VATICAN CITY — Pope Francis’ surprise announcement he will visit Sarajevo on June 6 has led to speculation he might sneak in a quick excursion to Medjugorje, little more than a 15-minute helicopter ride away.
But despite many anticipating a papal pronouncement on a five-year Vatican investigation into Marian apparitions alleged to have taken place at Medjugorje, the brevity of the trip will probably make even a short visit impossible.
Following his Angelus address on Sunday, the Pope revealed his plans to visit the capital of Bosnia-Herzegovina, where ethnic and interreligious tensions persist after the Bosnian civil war, which ended 20 years ago this year. His visit will also fall less than a year since the July 28 centenary of the assassination in Sarajevo of Archduke Franz Ferdinand that precipitated the outbreak of World War I.
Addressing pilgrims gathered in St. Peter’s Square Feb. 1, Francis asked for prayers so that his visit “to those dear people is one of encouragement for the Catholic faithful, fosters seeds of good and contributes to the consolidation of fraternity and peace.”
The Pope has a “great desire” to meet the people of Sarajevo and Bosnia-Herzegovina, said Archbishop Luigi Pezzuto, the apostolic nuncio to Bosnia and Herzegovina, according to the Croatian daily newspaper Vecernji List.
But Francis’ schedule is expected to be intense and will therefore limit the Pope to the Bosnian capital. Cardinal Vinko Puljic of Vrhbosna told reporters the Holy Father planned to meet with the country’s bishops and local authorities, but the cardinal also said the Holy Father will “consider the possibility of organizing some other meetings.”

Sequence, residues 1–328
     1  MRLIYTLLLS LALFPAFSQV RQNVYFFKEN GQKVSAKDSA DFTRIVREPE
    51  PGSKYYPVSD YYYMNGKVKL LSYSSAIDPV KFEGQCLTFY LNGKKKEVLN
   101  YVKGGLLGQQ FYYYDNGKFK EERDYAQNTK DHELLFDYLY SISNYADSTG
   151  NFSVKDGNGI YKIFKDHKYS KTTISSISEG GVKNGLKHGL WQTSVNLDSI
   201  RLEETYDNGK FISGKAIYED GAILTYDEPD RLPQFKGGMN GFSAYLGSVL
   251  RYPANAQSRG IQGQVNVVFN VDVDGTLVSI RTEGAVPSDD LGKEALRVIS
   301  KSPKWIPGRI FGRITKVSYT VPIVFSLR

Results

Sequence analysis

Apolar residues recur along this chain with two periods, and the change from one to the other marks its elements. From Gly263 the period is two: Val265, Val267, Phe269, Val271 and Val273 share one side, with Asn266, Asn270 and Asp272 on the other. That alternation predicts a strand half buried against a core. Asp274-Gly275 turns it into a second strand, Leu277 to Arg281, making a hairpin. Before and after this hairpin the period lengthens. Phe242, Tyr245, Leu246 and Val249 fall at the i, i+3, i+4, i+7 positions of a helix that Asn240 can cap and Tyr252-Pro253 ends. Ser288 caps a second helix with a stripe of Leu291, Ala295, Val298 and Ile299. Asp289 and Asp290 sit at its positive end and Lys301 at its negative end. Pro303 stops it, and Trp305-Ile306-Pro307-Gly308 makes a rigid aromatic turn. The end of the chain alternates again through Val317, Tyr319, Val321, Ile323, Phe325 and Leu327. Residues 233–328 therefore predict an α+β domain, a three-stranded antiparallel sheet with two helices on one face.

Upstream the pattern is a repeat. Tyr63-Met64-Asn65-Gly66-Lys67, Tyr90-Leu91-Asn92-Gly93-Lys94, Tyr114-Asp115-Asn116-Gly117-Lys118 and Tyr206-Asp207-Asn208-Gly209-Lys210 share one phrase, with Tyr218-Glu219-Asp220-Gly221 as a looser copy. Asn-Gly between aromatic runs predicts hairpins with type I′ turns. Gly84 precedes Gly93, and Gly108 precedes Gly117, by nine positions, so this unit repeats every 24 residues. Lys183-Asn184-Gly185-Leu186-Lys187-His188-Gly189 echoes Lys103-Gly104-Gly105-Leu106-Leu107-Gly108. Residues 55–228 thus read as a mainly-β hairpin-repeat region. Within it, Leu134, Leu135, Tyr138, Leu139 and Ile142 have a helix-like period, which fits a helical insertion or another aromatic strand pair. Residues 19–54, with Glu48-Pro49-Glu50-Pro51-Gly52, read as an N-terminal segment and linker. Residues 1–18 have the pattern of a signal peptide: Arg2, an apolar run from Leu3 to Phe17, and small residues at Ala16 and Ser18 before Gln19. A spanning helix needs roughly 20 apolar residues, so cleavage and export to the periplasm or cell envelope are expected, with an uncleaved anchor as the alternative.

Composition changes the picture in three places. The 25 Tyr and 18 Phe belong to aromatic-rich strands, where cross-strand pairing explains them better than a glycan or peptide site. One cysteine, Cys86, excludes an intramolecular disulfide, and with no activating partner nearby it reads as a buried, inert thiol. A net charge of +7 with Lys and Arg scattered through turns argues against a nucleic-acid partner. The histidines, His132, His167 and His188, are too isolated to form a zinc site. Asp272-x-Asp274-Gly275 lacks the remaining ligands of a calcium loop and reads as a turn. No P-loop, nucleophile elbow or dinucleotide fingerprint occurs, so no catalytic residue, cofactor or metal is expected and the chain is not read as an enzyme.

“One day is not much, and so it will not be easy to arrange a large-scale program in one day,” he said.
Speaking to CNA in June, Cardinal Puljic underlined the difficulties Catholics face in Bosnia, saying they are “in a grave position” and suffering injustice. “There is no equality in the Serbian republic, there is no equality in the federation, [and] where there is no equality, it isn’t possible to live in peace,” he said.
Although a papal visit to Medjugorje is unlikely, it would have been timely, coming 18 months after an international Vatican commission completed its investigation into apparitions there. The findings, currently being examined by officials at the Congregation for the Doctrine of the Faith (CDF), will then be passed to the Holy Father for his final say.
Asked about the speculation of a visit, Vatican spokesman Father Federico Lombardi told the Register Feb. 2 that the trip to Sarajevo “has no connection” with issues surrounding the pilgrimage site.
“The Pope has said he is going to Sarajevo and did not say that he’s going to Medjugorje,” he said.
Donal Foley, a leading expert on the pilgrimage site and author of Medjugorje Revisited: 30 Years of Visions or Religious Fraud?, also believes that, since it is only a one-day visit, a trip “is unlikely,” especially as it “seems to be more of a pastoral visit.”
He noted “some significance” in the choice of date, as June is the “anniversary month of the Medjugorje visions,” but he also pointed out that the bishops of Bosnia-Herzegovina will visit Rome some time next year on their ad limina visit, making it “possible there may well be some sort of announcement about Medjugorje around then.”
Father Lombardi said he had “no idea if and when there will be a statement about Medjugorje.” He stressed that the CDF now has responsibility for it, and “they will take care of it in their own time and by their working methods.”
Intense speculation often surrounds Medjugorje, and this isn’t the first time reports have emerged of a possible announcement on the results of the investigation. Some reports predicted it would appear last November.
It also follows an instruction from CDF prefect Cardinal Gerhard Müller, who said priests and laity are not permitted to participate in meetings, conferences or public celebrations “during which the credibility of such ‘apparitions’ would be taken for granted.”
Some believe Pope Francis has a low opinion of the frequent apparitions and refer to comments he made in 2013, when he said the Virgin Mary “is not a postmaster, sending messages every day.” However, to date, the Pope has never made any public statements on the issue.
Edward Pentin is the Register’s Rome correspondent.